What do Edward Cullen, Captain Jack Sparrow, Michael Jackson and Tinkerbell have in common? No, they aren’t all from films produced by the same Hollywood company. They are Halloween costumes being donned this year. If you are anywhere in the United States on October 31 you’re likely to see all four of them walking down the street together
Some 2,000 years ago the Celts, whose new year began on November 1, celebrated the festival of Samhain on the evening before. The ancient peoples believed the line between the living and dead blurred during the night allowing the spirits of the dead to temporarily return to earth.
In the seventh century Pope Boniface IV named November 1 All Saints’ Day, a day in which to honour saints and martyrs. “All Hallows”, many believe, was an attempt to move away from the pagan ritual started by the Celtic people and focus more on those who died after living a virtuous life. From that point the focus shifted to the religious feast of November 1 and the following All Souls Day -- commemorations which helped believers consider their inevitable death and focus their lives on the things that truly mattered.
These days, however, Halloween in the US has evolved into a humungous celebration of what doesn’t matter at all: dressing up, collecting candy and pretending to be scared of ghosts. It is an all-but-official holiday in the US. Companies allow their employees to come to work in fancy dress, graveyards pop up overnight in people’s front yards, ghostly creatures lurk in windows and doorway and more than 105 million citizens participate in the activities that surround the holiday. There are haunted houses, scary movie marathons and costume parties.
Other nations might be a bit perplexed by all this hullabaloo over childish things. A government website attempts to explain it -- 19th century Irish immigrants can take a lot of the blame, evidently -- and make it respectable by noting that many kids collect money for UNICEF rather than treats for themselves. But thinking Americans will tend to find themselves in sympathy with The Onion, which laments the demise of belief in “real ghouls” warded off by animal sacrifice as “the reason for the season”. (Make sure you watch that video.)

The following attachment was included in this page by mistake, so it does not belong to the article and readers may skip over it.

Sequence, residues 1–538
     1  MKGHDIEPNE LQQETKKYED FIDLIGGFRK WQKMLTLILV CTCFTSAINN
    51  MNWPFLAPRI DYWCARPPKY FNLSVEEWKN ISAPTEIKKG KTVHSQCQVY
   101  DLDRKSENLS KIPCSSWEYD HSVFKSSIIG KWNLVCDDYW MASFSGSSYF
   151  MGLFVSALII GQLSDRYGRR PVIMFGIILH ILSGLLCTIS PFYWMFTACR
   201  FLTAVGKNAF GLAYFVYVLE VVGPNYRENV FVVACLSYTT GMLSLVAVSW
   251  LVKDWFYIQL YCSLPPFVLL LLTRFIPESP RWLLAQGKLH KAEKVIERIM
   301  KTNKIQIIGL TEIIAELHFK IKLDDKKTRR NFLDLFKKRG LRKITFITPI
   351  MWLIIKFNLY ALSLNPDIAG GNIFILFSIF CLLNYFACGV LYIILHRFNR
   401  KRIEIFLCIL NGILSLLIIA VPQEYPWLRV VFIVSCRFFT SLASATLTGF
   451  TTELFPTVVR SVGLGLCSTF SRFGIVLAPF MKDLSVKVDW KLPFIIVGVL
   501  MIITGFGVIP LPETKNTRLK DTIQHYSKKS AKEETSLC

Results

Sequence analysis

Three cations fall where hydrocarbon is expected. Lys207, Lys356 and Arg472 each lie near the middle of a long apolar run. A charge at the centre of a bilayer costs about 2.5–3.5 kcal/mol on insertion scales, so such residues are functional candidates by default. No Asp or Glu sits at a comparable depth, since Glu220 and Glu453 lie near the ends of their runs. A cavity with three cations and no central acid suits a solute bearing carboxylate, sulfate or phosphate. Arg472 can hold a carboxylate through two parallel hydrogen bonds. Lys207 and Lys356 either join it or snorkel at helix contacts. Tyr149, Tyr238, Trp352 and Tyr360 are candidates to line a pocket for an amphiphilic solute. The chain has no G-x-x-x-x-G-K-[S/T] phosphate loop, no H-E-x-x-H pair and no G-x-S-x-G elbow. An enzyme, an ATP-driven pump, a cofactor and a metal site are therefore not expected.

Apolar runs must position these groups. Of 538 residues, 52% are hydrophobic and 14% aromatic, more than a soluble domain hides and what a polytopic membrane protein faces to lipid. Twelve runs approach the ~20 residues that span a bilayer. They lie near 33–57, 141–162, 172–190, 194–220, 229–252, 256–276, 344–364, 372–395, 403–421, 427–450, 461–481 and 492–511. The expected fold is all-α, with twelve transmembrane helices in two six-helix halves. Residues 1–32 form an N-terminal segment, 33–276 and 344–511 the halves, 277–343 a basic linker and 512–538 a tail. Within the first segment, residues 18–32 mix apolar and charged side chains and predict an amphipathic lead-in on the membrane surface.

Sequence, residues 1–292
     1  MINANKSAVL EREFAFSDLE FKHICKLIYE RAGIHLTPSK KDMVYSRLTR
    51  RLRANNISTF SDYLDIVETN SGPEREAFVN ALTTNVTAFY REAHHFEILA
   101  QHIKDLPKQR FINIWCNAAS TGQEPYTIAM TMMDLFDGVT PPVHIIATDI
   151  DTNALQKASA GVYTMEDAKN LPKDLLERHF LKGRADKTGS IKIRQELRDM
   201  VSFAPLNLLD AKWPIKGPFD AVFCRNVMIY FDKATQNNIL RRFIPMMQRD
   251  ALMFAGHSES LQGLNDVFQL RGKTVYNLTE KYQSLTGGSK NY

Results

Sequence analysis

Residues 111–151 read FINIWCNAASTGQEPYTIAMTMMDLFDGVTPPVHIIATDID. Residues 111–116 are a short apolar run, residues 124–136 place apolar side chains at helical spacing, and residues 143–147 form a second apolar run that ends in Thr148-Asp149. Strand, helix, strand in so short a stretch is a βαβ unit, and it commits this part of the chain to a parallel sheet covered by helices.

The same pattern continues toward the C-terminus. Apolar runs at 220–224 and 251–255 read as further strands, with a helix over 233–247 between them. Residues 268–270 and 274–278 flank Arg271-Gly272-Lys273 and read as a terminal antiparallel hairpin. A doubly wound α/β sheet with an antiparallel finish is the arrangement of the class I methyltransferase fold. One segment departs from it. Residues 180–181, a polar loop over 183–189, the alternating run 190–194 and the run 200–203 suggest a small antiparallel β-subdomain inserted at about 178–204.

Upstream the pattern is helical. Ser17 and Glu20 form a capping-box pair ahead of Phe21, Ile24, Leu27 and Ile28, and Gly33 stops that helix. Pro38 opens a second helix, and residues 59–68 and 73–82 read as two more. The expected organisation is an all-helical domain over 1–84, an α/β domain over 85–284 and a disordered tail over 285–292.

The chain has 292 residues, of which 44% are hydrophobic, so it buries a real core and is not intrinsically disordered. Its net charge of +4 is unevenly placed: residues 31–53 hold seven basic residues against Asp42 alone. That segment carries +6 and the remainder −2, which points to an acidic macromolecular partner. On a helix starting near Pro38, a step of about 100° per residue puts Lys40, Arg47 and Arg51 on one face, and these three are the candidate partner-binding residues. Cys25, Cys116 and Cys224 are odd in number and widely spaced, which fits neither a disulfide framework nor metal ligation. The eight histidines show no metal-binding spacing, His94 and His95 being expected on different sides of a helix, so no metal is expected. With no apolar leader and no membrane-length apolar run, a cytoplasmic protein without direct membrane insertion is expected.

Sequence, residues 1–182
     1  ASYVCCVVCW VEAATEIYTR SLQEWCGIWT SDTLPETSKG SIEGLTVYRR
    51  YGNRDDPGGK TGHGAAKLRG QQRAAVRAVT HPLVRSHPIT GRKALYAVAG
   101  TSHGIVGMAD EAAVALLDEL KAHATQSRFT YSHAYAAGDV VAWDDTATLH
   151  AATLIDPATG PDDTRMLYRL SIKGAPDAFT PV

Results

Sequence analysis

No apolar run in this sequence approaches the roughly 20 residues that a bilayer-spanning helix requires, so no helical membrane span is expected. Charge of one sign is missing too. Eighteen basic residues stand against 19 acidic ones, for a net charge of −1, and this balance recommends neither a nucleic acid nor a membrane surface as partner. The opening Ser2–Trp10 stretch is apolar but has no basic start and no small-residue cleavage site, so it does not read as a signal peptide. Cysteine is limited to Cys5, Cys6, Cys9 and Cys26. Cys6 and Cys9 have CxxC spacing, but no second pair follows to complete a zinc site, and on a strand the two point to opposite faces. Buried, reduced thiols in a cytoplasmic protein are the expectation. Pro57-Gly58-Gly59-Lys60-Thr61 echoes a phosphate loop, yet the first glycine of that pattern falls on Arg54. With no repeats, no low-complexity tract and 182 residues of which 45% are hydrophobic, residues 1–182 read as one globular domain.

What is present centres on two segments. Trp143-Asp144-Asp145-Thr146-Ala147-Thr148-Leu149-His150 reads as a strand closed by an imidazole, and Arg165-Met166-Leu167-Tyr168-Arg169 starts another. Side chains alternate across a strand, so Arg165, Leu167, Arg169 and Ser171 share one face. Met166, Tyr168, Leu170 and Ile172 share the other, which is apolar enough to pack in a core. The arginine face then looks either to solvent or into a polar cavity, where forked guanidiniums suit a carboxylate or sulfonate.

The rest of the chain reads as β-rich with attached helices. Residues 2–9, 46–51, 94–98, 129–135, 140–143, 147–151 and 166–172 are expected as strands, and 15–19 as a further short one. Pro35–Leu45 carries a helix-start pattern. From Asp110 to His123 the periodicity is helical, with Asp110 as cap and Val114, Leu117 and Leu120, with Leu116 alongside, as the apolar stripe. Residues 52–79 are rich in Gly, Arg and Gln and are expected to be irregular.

The true reason for Halloween in its present incarnation is all too obvious. Retailers, even in this time of recession, see it as a boost to business. Candy hits store shelves in September. Costume retailers crop up suddenly in vacant buildings to disappear again at the start of November. This year alone $4.75 billion will be spent on Halloween-related merchandise, with the average person spending $56.31 on the day, according to National Retail Federation. Due to the tough economic times, this total is down from last year’s personal spending total of $66.54. Still the number has grown steadily over the years. In 2005 US consumers spent $3.29 billion on Halloween, proving the holiday has become more materialistic over the years.
Grade-school children have school parties in which they parade around in their hand-made or store-bought costumes. In the afternoon of October 31 they tick-or-treat, walking door-to-door to beg for candy. By the end of the night they’ve collected many pounds of goodies as well as stomach aches, sugar-highs and tooth cavities. Girls dress as princesses, witches and movie characters. Boys go around as pirates, Star Wars characters and superheros. For most of the 58 million kids who plan to dress up this year the day is all about the candy.